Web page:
Europe: Where are we now?

JOHCM Continental European Fund

  • Paul Wild

Rarely over the last decades has the outlook changed so much in such a short period of time, from a quasi-post-Covid boom to the horrors of the invasion of Ukraine and the unfolding humanitarian disaster. Recent European prospects, as I wrote about at the beginning of February, have been very bright so the need now is to evaluate to what extent this may have changed. The context is that the direct exposure of the Eurozone to Russia and Ukraine is very low, with exports only  0.6% of GDP, having not recovered since the large decline after the 2014 invasion of the Crimea. 

At the company level, whilst most large-cap European companies will have some Russian exposure, in the vast majority of cases it is less than 2% of revenue. However, the most important focus of this time is Europe’s energy dependence on Russia, which stands at a third of gas consumption and around 20% of oil, with certain countries such as Germany and Italy importing nearer to 50% of their gas needs from Russia. Again, purely in an investment context, most roads lead to energy price effects when you look at the growth and earnings consequences of the crisis.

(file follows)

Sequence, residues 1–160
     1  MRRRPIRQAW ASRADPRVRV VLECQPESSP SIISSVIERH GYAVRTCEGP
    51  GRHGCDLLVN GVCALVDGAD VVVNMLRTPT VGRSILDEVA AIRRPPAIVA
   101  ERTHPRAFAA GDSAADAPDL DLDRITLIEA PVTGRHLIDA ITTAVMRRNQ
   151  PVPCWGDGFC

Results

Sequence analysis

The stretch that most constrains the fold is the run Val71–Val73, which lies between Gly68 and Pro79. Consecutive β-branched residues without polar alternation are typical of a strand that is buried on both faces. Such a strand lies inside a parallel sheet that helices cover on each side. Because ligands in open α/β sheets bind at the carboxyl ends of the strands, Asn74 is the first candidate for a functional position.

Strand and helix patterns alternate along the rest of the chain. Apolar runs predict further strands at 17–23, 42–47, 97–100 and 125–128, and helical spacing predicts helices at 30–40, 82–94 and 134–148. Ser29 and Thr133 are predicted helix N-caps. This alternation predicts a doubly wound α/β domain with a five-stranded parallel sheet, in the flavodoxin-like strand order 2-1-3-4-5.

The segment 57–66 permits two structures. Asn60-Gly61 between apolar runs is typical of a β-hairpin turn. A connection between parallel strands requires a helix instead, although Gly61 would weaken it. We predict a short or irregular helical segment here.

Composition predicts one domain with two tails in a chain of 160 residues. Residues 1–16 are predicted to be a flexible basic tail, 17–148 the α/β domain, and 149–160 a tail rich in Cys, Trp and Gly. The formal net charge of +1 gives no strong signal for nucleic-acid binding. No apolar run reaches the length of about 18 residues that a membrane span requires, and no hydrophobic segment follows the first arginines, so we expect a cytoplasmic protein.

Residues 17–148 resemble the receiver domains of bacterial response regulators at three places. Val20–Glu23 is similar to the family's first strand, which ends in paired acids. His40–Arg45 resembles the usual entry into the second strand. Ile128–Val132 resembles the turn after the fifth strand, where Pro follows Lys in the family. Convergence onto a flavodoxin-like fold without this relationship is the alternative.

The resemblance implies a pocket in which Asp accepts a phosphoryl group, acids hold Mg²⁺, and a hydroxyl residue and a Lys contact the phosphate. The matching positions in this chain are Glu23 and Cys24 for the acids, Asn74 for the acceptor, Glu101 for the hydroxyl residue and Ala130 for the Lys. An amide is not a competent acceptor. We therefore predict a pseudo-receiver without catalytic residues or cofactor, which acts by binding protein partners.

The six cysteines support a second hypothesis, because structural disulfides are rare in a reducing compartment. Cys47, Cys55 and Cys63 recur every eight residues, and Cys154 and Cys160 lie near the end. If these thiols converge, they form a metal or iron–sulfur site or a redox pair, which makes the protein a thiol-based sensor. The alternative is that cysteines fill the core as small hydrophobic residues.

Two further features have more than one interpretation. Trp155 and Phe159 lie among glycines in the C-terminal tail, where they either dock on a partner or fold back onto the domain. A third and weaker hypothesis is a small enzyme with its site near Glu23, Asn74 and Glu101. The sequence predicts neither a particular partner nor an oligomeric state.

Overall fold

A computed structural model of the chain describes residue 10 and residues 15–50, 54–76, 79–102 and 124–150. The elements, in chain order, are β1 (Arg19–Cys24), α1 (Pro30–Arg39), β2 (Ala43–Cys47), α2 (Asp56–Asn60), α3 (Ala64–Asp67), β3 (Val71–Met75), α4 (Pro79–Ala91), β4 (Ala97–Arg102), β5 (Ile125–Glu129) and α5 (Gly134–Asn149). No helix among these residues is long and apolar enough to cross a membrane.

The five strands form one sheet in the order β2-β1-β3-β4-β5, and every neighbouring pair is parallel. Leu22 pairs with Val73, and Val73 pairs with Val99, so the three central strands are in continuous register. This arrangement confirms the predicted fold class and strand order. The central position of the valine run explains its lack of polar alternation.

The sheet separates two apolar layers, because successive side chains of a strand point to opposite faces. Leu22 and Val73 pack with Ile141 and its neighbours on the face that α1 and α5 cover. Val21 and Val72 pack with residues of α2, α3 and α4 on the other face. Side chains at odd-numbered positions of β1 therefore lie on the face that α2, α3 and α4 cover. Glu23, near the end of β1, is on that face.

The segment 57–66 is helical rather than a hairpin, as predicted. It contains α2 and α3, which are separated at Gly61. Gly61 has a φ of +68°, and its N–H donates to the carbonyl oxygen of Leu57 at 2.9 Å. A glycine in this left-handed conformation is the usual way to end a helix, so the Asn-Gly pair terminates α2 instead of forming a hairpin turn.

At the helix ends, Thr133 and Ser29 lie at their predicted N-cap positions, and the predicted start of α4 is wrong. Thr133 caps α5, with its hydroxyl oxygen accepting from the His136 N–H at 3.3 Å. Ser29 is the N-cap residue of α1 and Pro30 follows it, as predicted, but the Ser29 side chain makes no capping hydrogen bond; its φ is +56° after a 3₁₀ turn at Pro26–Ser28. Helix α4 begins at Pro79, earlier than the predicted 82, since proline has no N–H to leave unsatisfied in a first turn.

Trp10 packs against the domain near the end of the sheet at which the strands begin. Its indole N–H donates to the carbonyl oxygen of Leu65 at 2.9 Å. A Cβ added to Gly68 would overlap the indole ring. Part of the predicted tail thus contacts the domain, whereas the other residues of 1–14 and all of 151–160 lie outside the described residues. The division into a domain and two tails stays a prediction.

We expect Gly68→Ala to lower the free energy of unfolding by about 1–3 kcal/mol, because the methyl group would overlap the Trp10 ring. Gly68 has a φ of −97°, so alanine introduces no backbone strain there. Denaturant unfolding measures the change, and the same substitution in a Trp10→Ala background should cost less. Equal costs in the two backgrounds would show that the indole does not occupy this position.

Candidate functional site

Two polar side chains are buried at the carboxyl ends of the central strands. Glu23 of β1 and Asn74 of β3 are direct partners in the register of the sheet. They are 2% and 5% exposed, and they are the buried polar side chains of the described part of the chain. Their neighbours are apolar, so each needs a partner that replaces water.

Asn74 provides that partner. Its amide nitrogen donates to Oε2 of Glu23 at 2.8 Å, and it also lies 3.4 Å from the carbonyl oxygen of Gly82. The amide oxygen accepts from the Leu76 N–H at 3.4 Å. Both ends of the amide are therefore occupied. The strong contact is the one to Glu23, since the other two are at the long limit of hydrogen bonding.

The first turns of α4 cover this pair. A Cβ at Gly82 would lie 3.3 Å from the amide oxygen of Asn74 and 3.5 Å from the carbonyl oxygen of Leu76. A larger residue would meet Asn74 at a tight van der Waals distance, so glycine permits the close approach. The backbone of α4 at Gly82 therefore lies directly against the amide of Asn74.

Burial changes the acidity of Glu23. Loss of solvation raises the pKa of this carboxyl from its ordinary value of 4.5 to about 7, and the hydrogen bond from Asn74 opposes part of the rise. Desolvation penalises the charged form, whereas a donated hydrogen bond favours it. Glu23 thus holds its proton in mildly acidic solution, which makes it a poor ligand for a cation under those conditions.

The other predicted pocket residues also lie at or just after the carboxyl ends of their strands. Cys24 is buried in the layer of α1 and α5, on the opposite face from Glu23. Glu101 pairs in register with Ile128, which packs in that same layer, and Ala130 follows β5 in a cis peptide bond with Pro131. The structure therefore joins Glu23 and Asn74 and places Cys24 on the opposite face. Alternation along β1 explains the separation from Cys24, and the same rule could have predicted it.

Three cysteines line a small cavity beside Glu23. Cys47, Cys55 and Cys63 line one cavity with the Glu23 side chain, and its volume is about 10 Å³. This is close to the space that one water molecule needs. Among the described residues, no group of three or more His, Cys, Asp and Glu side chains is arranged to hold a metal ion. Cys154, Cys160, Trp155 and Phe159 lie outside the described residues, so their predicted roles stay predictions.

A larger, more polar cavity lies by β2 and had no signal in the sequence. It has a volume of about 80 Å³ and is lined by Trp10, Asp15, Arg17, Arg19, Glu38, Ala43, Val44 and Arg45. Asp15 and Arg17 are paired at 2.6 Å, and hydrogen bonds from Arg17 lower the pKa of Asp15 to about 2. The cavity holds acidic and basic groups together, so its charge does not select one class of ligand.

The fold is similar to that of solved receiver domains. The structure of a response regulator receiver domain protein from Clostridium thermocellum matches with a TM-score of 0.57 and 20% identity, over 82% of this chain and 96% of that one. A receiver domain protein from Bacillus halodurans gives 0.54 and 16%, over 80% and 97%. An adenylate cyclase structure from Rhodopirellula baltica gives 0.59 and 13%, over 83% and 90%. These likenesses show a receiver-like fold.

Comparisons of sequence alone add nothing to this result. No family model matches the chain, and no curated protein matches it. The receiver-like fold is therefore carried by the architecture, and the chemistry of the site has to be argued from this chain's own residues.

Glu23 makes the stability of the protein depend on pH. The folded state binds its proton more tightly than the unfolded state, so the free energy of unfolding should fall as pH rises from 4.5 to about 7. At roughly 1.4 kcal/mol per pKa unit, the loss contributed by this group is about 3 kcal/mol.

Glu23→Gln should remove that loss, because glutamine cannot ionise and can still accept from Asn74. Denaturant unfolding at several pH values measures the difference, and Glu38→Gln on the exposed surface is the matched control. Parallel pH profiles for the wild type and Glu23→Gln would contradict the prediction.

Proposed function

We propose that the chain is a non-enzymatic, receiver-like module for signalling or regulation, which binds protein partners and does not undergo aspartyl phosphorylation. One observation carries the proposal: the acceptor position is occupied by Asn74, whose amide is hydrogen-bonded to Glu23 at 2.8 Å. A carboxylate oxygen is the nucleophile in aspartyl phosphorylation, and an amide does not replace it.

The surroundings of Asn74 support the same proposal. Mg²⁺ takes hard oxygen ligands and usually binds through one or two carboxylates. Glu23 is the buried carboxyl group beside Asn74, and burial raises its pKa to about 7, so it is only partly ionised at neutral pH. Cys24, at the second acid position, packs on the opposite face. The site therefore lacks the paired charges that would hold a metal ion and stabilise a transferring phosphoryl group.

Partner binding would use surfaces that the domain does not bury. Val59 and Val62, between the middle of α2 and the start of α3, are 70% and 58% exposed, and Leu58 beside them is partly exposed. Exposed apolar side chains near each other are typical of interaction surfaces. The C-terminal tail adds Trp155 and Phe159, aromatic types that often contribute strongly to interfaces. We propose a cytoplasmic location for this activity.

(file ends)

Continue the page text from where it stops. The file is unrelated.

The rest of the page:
GDP growth in Europe had been forecast at close to 4% for this year and whilst the European Central Bank (ECB) still forecasts 3.7% in its March staff forecasts, a more realistic number is probably closer to half the previous forecast. The majority of this incremental fall would be attributable to the higher oil and gas price effects, with further effects from tighter financial conditions and lower economic confidence from all parties in the economy. As I write (16th March) the good news is that Brent oil whilst peaking at $128pb is now $99 vs $94 the day before the invasion, whilst Dutch gas prices peaked at €227 per MWh and are now at €111 vs €88 the day before the invasion. As regards gas, clearly many consumers have yet to see the rise in their bills from the fourfold increase in wholesale prices from the middle of 2021. We have seen that Europe has been quick with sanctions but have naturally not sanctioned (unlike the UK or US) Russian oil or gas. There remains a possibility that the Russians could turn off the taps, but with 70% of their gas exports travelling towards Europe in the search for hard currency this remains a possibility rather than a probability at this point.